In the Kitchen: Best Ordinary Pottage (1615)

Dear Constant Reader,

Sinister Sarah, a member of my Advisory Committee on Patreon, requested an Elizabethan recipe. (If you’d like to make requests as well, please join the $5 tier). Technically this recipe was published after Elizabeth’s death, but it’s still got a  Renaissance style, rather than a Restoration one. 

therefore to make the best ordinarie Pottage, you shall take a racke of Mutton cut into pieces, or a leg of Mutton cut into pieces; for this meate, and these ioynts are the best, although any other ioynt or any fresh Beefe will likewise make good Pottage: and hauing washt your meate well, put it into a cleane pot with faire water, and set it on the fire; then take Violet leaues, Endive, Succory, Strawberry leaues, Spinage, Langdebeefe, Marigold flowers, Scallions, & a little Parsly, & chop them very small together; then take halfe so much Oat-meale well beaten as there is Hearbs, and mixe it with the Hearbs, and chop all very well together: then when the pot is ready to boyle, skum it very wel, and then put in your hearbs, and so let it boyle with a quick fire, stirring the meat oft in the pot, till the meat bee boyld enough, and that the hearbs and water are mixt together without any separation, which will bee after the consumption of more than a third part: then season them with Salt, and serue them vp with the meate, either with Sippets or without. (Gervase Markham, The English Huswife, 1615)

If you want to see how I cooked this (in 16th century attire!), you can join my Patreon at any level to watch the video.

I used lamb, since mutton is hard to acquire. For the herbs I used endive, spinach, violet and strawberry leaves (from my garden), parsley (also from the garden), & scallions. “Succory” is chicory, but my supermarket didn’t have any. I wanted curly endive, to be closer to the historic sort, but all the market had was Belgian. Although I’ve grown edible marigolds in the past, I didn’t this year. Even herbals of the time period were unclear about exactly what herb “langdebeefe” (ox-tongue) is, so I felt no guilt at leaving it out. Oat meal as used here is meal made from oats, not today’s rolled oats oatmeal. I started with steel-cut oats (since that’s what I could acquire) and ground them fine with a mortar and pestle.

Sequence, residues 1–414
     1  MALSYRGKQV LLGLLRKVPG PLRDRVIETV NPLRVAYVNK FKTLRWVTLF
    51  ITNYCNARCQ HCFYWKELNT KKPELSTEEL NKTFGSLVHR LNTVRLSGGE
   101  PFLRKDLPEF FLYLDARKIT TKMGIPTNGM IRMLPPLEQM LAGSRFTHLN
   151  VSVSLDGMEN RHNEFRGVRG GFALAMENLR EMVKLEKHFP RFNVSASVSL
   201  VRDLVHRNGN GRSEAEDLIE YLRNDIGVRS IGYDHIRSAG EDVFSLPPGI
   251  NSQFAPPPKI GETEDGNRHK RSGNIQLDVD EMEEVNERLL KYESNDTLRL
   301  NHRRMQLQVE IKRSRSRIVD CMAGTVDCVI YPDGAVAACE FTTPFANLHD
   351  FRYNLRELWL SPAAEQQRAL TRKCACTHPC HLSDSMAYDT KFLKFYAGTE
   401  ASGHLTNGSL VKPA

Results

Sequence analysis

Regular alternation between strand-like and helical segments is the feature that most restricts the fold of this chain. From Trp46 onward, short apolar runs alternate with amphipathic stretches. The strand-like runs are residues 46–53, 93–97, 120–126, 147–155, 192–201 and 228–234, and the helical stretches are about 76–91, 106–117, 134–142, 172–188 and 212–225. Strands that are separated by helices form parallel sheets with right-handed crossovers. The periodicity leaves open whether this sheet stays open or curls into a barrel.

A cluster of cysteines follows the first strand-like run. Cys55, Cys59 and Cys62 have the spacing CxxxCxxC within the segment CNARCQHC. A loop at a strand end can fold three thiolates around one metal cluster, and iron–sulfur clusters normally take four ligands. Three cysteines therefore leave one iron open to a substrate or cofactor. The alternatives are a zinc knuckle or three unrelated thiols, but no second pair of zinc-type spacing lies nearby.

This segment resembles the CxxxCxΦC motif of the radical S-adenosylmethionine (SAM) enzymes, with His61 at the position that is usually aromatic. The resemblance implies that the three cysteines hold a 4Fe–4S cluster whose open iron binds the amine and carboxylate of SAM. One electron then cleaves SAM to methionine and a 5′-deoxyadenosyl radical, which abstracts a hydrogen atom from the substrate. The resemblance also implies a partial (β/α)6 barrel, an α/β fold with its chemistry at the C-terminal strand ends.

I put the lamb, cut into chunks, and bones into a heavy pot and covered it with water and set it to boil. I chopped the greens fine. There were 4 cups of greens, so I added 2 cups oat meal, according to the recipe. Once the broth had almost come to a boil, I skimmed off any foam, and then added the greens and oats.

Markham says to boil it on a quick fire, stirring, until it’s one-third reduced. I had to keep stirring it as the pottage got very thick very quickly. After half an hour, I called it done and added some salt.

I was expecting a thick soup or stew and what I got was more of a porridge — very solid. Still, it tasted good. It was rather meaty-flavored but also fresh and bright from the greens. I had been concerned about the bitterness of the greens, but cooking mellowed them out. Markham says you can serve the pottage on sippets, pieces of stale bread to soak up broth or gravy. My version had absolutely no liquid to soak up, so I skipped the sippets. I wasn’t thrilled about how dense the pottage turned out, although I really liked the flavor.

The next morning I reheated some for breakfast and decided to add quite a lot of boiling water to thin it out. And that got me thinking about jook, a thick rice soup (thanks to Louise Hung for her recipe!). It’s also made with meat and veggies and grain, but a smaller amount of rice and a lot of liquid. The result is definitely soup and not cereal. I think the proportions of oats to water in the pottage needs to change. The pottage also wants to cook for a longer time on lower heat, mostly covered. 

Here’s what I’d do next time.

Proposed Pottage Reconstruction
1 pound lamb, cut into pieces
4 cups chopped greens (I used 1 1/2 cup each endive & spinach and 1/4 cup each violet leaves, strawberry leaves, parsley, and scallions)
1 cup ground oats
6 cups water

Cover lamb with water and bring to a gentle boil. If any foam rises to the surface, skim it off. Add greens and oatmeal. Loosely cover pot and simmer over low heat, stirring occasionally. Cook about 1 hour. If mixture gets too thick, add up to 2 cups additional water. Salt to taste.

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